At 4 years old, when most boys wanted to be firefighters, Field was planning his career as a computer programmer. By preschool, the bullies knew whom to target. By kindergarten, he was branded. In elementary school, they crumbled his cookies, then stomped them into the blacktop with their sneakers. They grabbed his beloved books, threw them across the room, then stole his chair when he got up to retrieve them. When he sat on a bench, everyone else moved to the other side.
“When I was 5,” Field wrote in his “proud to be a geek” essay, “I often asked my father to read to me at night from his Atlas. And when my mother told me that she would no longer read me the text of computer games, with the hope that I would stop playing them so much, I taught myself to read.”
By second grade, he was reading at the 12th-grade level. But as he got older, his academic awards began to attract greater accolades and fewer bullies. He also discovered other “gifts.”
Field has excellent pitch. By high school, he was starring in musicals. Sure, he usually played the geeky characters--Seymour in “Little Shop of Horrors,” for example--but he was good at it. He made people laugh. And, he found, his geekism offered him even more. He could dress how he wanted, befriend whom he wanted. He was free from the pressures of popularity. Unlike most high school students, he could be himself.
When it came time for college, Field chose a place where he thought he could fit in. Harvey Mudd College is known as a place for geeks. A place where 25% of the 700 or so undergrads were high school valedictorians. A place he figured he could find other students who got excited about the etymology of words and phrases, or were up to date on current events in the worlds of science and technology.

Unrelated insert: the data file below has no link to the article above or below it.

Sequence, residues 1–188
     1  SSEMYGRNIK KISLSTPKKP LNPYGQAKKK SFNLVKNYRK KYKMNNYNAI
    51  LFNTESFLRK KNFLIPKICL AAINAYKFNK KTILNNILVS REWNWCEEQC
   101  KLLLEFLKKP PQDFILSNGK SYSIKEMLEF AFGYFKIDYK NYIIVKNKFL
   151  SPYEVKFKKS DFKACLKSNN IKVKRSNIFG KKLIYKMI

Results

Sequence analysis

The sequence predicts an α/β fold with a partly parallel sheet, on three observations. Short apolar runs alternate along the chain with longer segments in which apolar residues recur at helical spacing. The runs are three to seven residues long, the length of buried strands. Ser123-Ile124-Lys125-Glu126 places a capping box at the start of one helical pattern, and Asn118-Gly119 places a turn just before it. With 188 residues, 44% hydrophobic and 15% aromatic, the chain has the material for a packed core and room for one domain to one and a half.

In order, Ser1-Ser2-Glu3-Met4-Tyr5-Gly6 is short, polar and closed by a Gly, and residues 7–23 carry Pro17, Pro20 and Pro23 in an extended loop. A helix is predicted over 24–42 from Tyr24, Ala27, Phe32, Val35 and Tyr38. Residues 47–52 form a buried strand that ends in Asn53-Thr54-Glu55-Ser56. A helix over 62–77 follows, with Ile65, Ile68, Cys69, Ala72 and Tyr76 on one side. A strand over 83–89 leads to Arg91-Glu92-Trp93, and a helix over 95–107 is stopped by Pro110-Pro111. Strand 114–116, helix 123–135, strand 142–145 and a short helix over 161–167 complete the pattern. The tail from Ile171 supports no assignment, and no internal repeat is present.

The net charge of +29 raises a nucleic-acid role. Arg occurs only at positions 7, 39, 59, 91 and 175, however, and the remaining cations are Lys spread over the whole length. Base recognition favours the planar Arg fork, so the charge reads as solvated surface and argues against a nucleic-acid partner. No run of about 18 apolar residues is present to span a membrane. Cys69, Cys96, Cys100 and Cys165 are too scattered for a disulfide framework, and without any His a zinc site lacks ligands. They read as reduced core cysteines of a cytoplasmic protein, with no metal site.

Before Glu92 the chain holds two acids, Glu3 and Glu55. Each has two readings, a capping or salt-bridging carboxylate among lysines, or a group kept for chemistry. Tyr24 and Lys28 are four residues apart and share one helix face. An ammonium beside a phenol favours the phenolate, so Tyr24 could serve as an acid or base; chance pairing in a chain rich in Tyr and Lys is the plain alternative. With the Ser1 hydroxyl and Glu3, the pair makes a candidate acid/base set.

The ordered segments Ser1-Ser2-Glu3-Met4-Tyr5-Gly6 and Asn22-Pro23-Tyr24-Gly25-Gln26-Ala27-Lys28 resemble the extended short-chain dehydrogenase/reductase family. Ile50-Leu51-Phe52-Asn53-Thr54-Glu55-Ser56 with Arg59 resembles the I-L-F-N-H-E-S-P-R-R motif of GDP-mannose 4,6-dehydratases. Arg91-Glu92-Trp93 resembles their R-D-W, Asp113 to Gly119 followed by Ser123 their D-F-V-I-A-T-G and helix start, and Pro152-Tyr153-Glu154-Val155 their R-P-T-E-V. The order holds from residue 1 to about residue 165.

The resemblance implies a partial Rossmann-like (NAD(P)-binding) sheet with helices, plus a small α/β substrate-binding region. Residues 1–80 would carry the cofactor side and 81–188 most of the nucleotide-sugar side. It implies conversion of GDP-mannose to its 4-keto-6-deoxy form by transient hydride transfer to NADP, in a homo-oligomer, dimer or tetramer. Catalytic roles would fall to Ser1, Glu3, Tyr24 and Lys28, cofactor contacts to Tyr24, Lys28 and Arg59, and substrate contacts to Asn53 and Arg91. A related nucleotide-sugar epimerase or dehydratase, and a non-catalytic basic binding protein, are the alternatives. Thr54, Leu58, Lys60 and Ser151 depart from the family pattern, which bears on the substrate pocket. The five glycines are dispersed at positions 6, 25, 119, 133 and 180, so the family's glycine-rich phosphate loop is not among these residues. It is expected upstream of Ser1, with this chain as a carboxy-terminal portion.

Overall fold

A place where it’s cool to go sleepless because you were up all night at your computer again, fighting a full-grown green dragon with your level-10 Valkyrie, trying to keep it from choking to death on the dragon’s corpse.
And he was right. He’s found it. At Harvey Mudd the students hold an all-weekend “Lord of the Rings” read-a-thon; “board-game night” on Wednesdays is party night; and you need a basic understanding of physics to get most of their jokes--or, at least, a personal relationship with a large number of science fiction books.
And then there’s “Mudd Speak,” the campus slang. For instance, a term such as “crack” refers to any leisure activity--usually computer games but sometimes board games--that is really addictive and takes you away from doing homework.
“It’s like, ‘Hey, are you up for doing some crack tonight?’ ” Field explains, raising his eyebrows, finally looking up from his sneakers and smiling with pure glee.
Life has definitely improved for Field. Today he’s hoping to study computer science and linguistics in graduate school, perhaps at MIT, if he can bring his chemistry grades up.
But for now, he’s found a place where he can sit on the couch and read for as long as he wants, and nobody gets up and moves to the other side.